A couple weeks ago I attended the Toronto Tea Festival at the Toronto Reference Library. This consumer-facing festival features 50 exhibitors including local tea shops and online vendors, and associated goods and services (including macarons and shortbread, teawares and a tasseomancy exhibit). Here are some of my observations about the festival:
Who was there:
To the best of my knowledge, all of the vendors represented operate out of a single shop or sell exclusively online or through resellers – no national brands or chain stores. Most booths featured single origin teas, several of them focusing on one region (i.e. Taiwan, Nepal, China, Sri Lanka). With a couple of exceptions, I was surprised at the lack of flavoured blends, which I consider to be entry level teas and highly appealing to novice tea drinkers. On the other hand, there was a strong representation from ‘health’ teas and tisanes, including chaga mushroom, turmeric and ginger blends, and ayurvedic therapy blends. There was also a lot of chai! Overall, a lot of niche offerings that appeal to well-educated tea lovers.
Who was busy:
The biggest crowds gathered around booths with lively sales staff and clear, focused offerings. Vendors such as Wize Monkey, Chai Wala and Lee’s Teas limited the number of products on sample and for sale. All three of these companies have clear, concise, and consistent brand stories (what makes them special and unique); this makes them easy for attendees to absorb and makes even brief interactions valuable and memorable. From my own recollection:
- Wize Monkey makes coffee leaf tea, which is a more sustainable use of coffee trees than actual coffee beans; it’s like tea, but not tea (approx. 6 products available)
- Chai Wala freshly grinds spices for each batch of their unique ‘wet’ chai blends, which are incredibly delicious (2 products available)
- Lee’s Teas offers 4 tulsi-based herbal chai blends. One of them is pink and there’s an elephant on the packaging (what’s not to love?) (4 products available)
Other vendors had a wider array of products but were able to gain customer attention through proactive staff (such as T by Daniel). These vendors were not afraid to get out from behind their booths, offering samples in the aisles and actively engaging passersby (without being pushy). Although they had more products on offer, these booths still had a clear, concise brand message and consistent delivery.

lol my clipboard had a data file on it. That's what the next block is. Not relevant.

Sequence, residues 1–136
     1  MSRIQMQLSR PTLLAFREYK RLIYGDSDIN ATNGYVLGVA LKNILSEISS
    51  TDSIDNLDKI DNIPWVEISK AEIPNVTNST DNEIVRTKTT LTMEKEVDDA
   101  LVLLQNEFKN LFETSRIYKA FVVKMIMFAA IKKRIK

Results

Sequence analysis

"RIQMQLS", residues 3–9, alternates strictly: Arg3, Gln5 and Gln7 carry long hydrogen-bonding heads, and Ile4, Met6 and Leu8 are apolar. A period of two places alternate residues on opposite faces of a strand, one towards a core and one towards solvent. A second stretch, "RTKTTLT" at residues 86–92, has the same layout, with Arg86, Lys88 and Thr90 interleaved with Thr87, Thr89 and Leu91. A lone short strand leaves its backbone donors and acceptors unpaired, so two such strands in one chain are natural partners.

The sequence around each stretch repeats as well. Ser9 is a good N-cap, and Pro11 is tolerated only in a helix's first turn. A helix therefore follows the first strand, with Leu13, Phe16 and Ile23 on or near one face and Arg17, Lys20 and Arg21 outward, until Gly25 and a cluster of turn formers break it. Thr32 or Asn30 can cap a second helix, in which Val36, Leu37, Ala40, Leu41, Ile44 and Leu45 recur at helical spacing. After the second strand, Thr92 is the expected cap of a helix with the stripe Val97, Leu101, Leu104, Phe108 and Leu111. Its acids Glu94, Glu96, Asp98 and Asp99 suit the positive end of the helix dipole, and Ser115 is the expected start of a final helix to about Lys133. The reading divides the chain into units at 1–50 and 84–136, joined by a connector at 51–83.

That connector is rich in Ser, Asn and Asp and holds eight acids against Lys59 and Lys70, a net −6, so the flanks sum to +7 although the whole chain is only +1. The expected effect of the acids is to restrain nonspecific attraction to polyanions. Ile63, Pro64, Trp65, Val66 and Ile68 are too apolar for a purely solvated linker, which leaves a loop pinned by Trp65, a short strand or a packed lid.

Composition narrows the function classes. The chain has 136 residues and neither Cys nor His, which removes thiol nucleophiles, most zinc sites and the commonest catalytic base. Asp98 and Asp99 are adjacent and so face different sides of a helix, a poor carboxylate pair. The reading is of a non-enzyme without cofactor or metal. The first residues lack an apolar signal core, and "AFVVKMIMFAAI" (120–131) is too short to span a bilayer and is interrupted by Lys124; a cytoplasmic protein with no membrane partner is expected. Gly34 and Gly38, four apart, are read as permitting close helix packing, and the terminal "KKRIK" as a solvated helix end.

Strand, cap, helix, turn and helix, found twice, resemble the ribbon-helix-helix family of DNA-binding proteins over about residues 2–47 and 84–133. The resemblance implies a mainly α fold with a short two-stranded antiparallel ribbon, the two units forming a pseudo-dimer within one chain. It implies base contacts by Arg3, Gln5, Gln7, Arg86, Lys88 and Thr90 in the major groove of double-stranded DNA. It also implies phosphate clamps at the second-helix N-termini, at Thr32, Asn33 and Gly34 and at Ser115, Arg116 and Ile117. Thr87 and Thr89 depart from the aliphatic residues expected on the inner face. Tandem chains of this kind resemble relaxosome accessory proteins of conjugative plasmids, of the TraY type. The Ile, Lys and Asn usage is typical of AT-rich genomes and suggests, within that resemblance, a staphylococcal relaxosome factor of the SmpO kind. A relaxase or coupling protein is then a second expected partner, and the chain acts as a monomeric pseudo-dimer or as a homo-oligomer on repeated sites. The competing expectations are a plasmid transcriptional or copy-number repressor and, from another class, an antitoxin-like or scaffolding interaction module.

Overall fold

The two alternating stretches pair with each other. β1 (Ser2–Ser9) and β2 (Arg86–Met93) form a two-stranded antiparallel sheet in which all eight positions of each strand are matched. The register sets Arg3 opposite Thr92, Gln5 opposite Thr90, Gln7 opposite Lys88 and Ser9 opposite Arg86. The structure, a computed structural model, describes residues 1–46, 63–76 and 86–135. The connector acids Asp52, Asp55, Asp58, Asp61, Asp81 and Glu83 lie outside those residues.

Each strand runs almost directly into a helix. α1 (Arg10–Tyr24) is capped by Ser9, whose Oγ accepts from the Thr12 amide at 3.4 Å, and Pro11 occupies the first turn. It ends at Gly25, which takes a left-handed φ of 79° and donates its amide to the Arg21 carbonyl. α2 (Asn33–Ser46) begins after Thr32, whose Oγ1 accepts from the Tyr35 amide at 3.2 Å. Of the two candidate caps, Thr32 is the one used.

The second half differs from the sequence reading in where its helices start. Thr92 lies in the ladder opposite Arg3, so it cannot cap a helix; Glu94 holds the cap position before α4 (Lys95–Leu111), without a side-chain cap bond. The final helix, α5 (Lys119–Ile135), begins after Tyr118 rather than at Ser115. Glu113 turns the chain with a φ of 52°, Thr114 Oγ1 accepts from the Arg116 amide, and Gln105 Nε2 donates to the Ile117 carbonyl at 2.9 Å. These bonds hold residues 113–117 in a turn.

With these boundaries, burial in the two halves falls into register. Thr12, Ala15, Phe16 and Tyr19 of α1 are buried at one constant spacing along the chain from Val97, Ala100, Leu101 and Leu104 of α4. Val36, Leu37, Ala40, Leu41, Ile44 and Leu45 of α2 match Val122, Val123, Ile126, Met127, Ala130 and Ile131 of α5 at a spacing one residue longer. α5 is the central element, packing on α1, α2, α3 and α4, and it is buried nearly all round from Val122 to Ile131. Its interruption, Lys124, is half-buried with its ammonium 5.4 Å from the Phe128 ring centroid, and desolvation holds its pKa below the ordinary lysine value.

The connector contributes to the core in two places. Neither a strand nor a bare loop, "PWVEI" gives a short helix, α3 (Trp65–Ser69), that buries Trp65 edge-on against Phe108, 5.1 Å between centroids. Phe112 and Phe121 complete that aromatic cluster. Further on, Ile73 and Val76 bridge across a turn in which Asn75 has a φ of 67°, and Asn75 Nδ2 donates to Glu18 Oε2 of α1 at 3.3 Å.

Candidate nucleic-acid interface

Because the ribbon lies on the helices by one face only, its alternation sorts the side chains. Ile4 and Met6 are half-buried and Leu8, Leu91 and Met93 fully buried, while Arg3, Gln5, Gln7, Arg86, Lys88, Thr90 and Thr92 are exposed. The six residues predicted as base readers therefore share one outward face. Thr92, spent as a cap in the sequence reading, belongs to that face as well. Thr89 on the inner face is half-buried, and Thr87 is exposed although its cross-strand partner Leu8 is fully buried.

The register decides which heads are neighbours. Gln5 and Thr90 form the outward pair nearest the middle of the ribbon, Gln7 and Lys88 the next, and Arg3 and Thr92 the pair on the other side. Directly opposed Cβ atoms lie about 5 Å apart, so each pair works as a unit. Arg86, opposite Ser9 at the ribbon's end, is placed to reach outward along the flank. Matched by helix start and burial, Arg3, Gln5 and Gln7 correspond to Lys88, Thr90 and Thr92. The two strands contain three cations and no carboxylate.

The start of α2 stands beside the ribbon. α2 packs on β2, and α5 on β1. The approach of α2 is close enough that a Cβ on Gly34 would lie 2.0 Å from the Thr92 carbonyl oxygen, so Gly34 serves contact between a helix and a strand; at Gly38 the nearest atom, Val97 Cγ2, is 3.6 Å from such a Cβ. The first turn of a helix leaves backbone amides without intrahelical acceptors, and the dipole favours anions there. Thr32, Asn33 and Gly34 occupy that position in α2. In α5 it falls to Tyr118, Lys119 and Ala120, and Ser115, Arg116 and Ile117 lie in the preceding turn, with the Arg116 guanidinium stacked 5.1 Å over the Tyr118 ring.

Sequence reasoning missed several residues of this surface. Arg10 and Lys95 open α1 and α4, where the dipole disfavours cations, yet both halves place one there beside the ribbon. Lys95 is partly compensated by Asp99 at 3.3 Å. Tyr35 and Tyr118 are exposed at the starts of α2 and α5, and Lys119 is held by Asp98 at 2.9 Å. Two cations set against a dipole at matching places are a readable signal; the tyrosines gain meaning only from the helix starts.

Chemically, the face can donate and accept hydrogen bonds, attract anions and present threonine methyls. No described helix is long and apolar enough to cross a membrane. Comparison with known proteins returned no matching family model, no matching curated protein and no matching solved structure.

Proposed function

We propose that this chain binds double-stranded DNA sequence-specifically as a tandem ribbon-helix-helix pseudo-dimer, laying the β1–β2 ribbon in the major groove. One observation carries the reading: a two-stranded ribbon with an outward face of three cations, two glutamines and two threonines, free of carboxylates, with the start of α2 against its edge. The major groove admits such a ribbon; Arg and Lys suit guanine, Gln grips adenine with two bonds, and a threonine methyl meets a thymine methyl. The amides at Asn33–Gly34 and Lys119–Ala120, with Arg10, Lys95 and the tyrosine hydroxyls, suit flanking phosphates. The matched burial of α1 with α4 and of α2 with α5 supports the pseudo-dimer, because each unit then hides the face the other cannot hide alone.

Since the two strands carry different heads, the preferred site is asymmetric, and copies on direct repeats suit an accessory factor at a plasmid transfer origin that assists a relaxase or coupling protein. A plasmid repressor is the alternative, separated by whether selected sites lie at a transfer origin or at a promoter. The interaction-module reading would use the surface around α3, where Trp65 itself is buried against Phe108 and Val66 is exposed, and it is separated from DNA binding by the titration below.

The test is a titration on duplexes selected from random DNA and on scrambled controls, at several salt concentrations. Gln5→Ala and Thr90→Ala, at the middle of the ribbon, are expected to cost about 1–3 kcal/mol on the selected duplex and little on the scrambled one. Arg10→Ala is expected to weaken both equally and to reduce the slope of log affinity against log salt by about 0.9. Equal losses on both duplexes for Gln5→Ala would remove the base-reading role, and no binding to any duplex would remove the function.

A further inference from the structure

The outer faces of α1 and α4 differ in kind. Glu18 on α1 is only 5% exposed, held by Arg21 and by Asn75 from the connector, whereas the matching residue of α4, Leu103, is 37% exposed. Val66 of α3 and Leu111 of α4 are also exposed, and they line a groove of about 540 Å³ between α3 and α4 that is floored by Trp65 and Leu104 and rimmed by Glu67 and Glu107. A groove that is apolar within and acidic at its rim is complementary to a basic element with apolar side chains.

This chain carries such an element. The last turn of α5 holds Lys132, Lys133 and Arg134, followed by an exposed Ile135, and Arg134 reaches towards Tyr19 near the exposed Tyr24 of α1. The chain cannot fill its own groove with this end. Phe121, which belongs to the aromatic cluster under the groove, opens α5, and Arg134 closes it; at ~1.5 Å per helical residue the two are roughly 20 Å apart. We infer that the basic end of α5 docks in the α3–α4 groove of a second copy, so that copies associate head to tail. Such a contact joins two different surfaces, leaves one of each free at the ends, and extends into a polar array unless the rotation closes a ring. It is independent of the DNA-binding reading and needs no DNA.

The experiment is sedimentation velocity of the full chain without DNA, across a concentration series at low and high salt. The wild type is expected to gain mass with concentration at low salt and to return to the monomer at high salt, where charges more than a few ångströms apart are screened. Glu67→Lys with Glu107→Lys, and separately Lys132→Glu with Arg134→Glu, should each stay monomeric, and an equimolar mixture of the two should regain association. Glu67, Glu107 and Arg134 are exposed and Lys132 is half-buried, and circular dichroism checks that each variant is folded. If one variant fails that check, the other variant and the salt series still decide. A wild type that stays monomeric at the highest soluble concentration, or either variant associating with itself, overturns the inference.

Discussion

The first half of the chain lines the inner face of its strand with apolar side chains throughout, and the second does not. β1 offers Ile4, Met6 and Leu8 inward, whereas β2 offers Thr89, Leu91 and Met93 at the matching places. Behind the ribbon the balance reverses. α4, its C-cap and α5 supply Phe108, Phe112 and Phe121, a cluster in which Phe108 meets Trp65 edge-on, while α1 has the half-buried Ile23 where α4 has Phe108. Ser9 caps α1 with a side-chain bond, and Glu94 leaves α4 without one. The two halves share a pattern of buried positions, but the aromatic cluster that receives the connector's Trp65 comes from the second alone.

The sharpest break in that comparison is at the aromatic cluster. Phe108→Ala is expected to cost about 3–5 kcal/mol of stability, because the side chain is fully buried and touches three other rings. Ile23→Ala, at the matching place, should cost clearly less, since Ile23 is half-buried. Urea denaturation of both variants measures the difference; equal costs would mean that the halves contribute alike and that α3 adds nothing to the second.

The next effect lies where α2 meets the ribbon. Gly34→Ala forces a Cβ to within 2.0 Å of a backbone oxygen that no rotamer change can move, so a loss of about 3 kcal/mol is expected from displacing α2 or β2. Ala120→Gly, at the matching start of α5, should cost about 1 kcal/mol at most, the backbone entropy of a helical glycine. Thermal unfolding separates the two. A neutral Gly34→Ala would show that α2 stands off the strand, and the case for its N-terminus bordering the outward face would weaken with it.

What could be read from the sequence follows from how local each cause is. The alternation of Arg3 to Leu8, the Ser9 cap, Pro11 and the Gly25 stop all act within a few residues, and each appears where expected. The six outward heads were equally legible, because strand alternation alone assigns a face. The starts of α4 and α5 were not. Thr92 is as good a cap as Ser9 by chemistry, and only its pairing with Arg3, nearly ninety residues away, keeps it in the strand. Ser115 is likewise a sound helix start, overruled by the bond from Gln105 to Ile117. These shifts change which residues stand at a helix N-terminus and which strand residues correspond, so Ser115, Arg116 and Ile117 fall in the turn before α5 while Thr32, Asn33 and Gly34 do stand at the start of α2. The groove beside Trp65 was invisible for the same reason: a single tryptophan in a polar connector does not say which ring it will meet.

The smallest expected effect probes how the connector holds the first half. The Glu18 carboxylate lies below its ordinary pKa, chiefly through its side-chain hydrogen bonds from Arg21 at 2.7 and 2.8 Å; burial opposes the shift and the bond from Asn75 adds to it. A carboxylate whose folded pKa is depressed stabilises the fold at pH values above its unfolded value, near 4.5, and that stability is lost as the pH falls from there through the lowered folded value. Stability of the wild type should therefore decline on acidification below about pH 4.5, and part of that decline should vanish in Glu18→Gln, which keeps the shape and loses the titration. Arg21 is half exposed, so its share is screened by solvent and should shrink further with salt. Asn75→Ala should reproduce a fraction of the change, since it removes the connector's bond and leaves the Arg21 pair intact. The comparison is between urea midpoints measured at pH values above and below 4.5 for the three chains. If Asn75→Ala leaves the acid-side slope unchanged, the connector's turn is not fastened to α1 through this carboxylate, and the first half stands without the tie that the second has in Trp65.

The Appel Salon at the Toronto Reference Library is a good venue for this festival. However, with open presentations at one end of the floor and noisy acoustics, vendors must compete for attendees’ attention and business. With heavy crowds during some portions of the weekend, it’s hard for attendees to get to the front of each booth. This means that there is not a lot of time for in-depth conversation – just a quick taste (or two), delivery of your key message and (hopefully) a sales transaction or at least a lasting impression.
To make the most of this fast-paced interaction, my advice to vendors is to focus. Feature 4-6 products that best represent your brand, and don’t feel the need to sample more than 3-4 at a time (note: offering samples on rotation can secure repeat visits to your booth!). Many vendors offered sample packs of the tea selection they had on offer – a great way to get in the tea cupboard and encourage at-home sampling! Ensure that your booth staff are engaging and know your key messages – and are ready to repeat them hundreds of times over the course of 2 days:
- Who are you?
- What makes your company / product(s) special?
Although not every attendee or interaction will turn into a business transaction at the festival, consider opportunities to remain on that individual’s radar for future buying decisions. Providing a handout with useful information can help reinforce your brand. Better yet – offer a discount code or card for future purchases of your product. Finally, find a way to capture that attendee’s information (e.g. email address or social follow), perhaps incentivized with a draw or giveaway, so that you can reach them with marketing messages in the future. Although a festival is a time-bound event, successful participation should provide momentum to continue to grow your business into the future.